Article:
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I have a project that I have been using VSS source control from the VS Pending Checkins tab. This has been working until recently. Now when I make a change to the code, I do not get an entry in the Pending Checkins tab.

I saw this article, but did not see a Go Online option either when right-clicking on the solution or under File -> Source Control. Probably because that person was using TFS rather than VSS.

I tried breaking the source control links and creating a new tree, but it still didn't check out automatically when I made changes. I have been using the Check Out For Edit option, and then checking in, but this gets all classes whether I make changes or not. I use source control in VS because the list makes it simple to determine whether I need to check something in or not.

Does anyone have an idea as to why this may have stopped working with this project. It is still working in other projects. I do have "Check out automatically" selected for On Save and On Edit. Allow checked-in items to be edited is not checked, nor are any of the other options under Source Control -> Environment.

Thank you for any suggestions you may have.

UPDATE: I just added a new class to the solution, and that class appears under pending checkins. However, I also made several changes to other classes, and none of them are appearing under checkins.

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+1 for you out of compassion, because you still need to deal with SourceSafe. I thought it was dead since 8 years. – Thomas Weller Mar 24 at 21:07
It is dead for many years. Even Microsoft uses Git these days. – Panagiotis Kanavos Apr 1 at 14:10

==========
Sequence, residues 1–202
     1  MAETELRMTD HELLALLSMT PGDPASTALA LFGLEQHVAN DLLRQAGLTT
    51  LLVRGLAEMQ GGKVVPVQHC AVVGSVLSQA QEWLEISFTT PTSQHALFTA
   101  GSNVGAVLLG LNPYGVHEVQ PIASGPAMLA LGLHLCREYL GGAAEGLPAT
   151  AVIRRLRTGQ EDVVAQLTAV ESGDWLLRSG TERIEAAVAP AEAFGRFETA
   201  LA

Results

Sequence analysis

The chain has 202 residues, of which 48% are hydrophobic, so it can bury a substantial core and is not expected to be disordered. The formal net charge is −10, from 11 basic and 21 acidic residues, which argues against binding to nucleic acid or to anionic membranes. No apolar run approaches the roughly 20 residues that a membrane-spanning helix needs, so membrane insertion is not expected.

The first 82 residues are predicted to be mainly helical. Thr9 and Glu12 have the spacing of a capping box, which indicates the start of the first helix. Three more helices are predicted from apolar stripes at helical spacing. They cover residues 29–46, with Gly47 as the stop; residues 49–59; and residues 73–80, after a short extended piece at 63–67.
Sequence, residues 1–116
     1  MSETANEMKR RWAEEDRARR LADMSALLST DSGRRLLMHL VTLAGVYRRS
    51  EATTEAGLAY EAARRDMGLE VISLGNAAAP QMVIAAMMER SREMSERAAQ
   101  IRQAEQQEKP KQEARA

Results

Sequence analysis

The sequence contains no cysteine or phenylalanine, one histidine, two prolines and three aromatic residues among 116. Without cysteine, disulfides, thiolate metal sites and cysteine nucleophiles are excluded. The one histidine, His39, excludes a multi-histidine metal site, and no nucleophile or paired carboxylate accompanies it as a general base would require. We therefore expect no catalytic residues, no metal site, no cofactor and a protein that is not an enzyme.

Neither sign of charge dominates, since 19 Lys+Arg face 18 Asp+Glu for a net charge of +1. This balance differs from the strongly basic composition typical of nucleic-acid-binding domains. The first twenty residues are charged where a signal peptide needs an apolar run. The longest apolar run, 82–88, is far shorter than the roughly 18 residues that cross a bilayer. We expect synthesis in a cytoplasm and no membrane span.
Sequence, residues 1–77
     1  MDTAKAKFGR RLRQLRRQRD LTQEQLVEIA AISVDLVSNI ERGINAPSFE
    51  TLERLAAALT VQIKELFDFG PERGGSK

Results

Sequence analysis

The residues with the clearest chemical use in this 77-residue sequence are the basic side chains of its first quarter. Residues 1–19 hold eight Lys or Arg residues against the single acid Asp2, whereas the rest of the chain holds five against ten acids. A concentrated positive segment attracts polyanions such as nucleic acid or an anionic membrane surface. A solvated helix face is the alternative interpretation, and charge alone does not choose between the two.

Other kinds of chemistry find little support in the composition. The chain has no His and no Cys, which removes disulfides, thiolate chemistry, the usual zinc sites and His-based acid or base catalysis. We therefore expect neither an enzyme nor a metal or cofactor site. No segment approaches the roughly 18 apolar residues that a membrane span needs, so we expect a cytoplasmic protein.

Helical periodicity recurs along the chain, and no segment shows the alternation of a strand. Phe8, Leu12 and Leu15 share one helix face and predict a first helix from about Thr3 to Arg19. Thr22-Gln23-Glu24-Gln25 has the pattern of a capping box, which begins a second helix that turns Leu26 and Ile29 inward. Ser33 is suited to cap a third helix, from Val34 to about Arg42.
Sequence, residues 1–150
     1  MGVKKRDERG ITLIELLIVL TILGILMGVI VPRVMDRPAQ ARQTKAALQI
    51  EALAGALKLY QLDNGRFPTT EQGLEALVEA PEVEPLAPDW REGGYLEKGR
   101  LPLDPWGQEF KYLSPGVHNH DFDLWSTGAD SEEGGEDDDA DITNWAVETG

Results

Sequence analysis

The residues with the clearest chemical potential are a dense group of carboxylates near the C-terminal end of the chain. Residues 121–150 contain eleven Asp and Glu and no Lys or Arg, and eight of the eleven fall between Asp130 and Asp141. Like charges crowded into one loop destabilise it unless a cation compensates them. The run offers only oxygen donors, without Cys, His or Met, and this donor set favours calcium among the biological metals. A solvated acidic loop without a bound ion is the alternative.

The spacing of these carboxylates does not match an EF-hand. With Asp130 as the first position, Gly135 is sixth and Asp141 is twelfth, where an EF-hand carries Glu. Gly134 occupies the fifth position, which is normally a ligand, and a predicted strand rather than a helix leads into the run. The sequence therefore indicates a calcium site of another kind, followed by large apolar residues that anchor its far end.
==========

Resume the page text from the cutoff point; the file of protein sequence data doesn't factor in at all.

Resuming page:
1 Answer 1

I too rely on SourceSafe via Visual Studio to automatically check out files. But it usually just works by default although with certain assumptions you need to know that I learned from this post which explains the risky methodology:

If you Get all files without checking them out then the files will be read only as you can see in Windows Explorer properties. Then, when you type your first edit to any file, VS/ VSS first checks for the read-only attribute on that file. If it is read only then the file will be automatically checked out (this is the default option). Then, when you are ready to check-in a set of files, VS will show you all “Pending Check-ins” and you can check them in as a set.

I have relied on this for years as it has been working great for me in our environment until a few weeks ago when many of my source files lost their read only attribute somehow. So without read-only, some of the files were not getting checked out and therefore not getting checked in. And that’s really hard to detect until your hard-drive crashes and you try to build from another machine!

And I found a method here to fix the read only attributes:

check in all files that were edited (used VSS to find out which files where changed [using differences] even though VS did not checked them out). Then did a Get Latest with overwrite of local files and made sure the "Keep writable" checkbox was not checked.

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